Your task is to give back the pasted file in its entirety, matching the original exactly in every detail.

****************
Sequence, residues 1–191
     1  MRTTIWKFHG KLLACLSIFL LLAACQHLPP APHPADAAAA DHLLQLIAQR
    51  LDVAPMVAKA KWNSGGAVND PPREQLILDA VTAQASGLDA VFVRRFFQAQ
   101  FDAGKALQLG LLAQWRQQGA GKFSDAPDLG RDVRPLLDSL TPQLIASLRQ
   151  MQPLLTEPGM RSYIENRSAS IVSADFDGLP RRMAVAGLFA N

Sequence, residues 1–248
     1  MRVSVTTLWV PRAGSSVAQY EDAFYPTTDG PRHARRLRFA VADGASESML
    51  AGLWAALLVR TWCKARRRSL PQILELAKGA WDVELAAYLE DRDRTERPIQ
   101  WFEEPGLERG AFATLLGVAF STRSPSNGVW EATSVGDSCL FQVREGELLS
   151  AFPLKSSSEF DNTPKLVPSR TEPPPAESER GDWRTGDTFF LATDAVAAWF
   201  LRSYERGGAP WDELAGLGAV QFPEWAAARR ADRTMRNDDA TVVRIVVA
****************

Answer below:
Sequence, residues 1–191
     1  MRTTIWKFHG KLLACLSIFL LLAACQHLPP APHPADAAAA DHLLQLIAQR
    51  LDVAPMVAKA KWNSGGAVND PPREQLILDA VTAQASGLDA VFVRRFFQAQ
   101  FDAGKALQLG LLAQWRQQGA GKFSDAPDLG RDVRPLLDSL TPQLIASLRQ
   151  MQPLLTEPGM RSYIENRSAS IVSADFDGLP RRMAVAGLFA N

Sequence, residues 1–248
     1  MRVSVTTLWV PRAGSSVAQY EDAFYPTTDG PRHARRLRFA VADGASESML
    51  AGLWAALLVR TWCKARRRSL PQILELAKGA WDVELAAYLE DRDRTERPIQ
   101  WFEEPGLERG AFATLLGVAF STRSPSNGVW EATSVGDSCL FQVREGELLS
   151  AFPLKSSSEF DNTPKLVPSR TEPPPAESER GDWRTGDTFF LATDAVAAWF
   201  LRSYERGGAP WDELAGLGAV QFPEWAAARR ADRTMRNDDA TVVRIVVA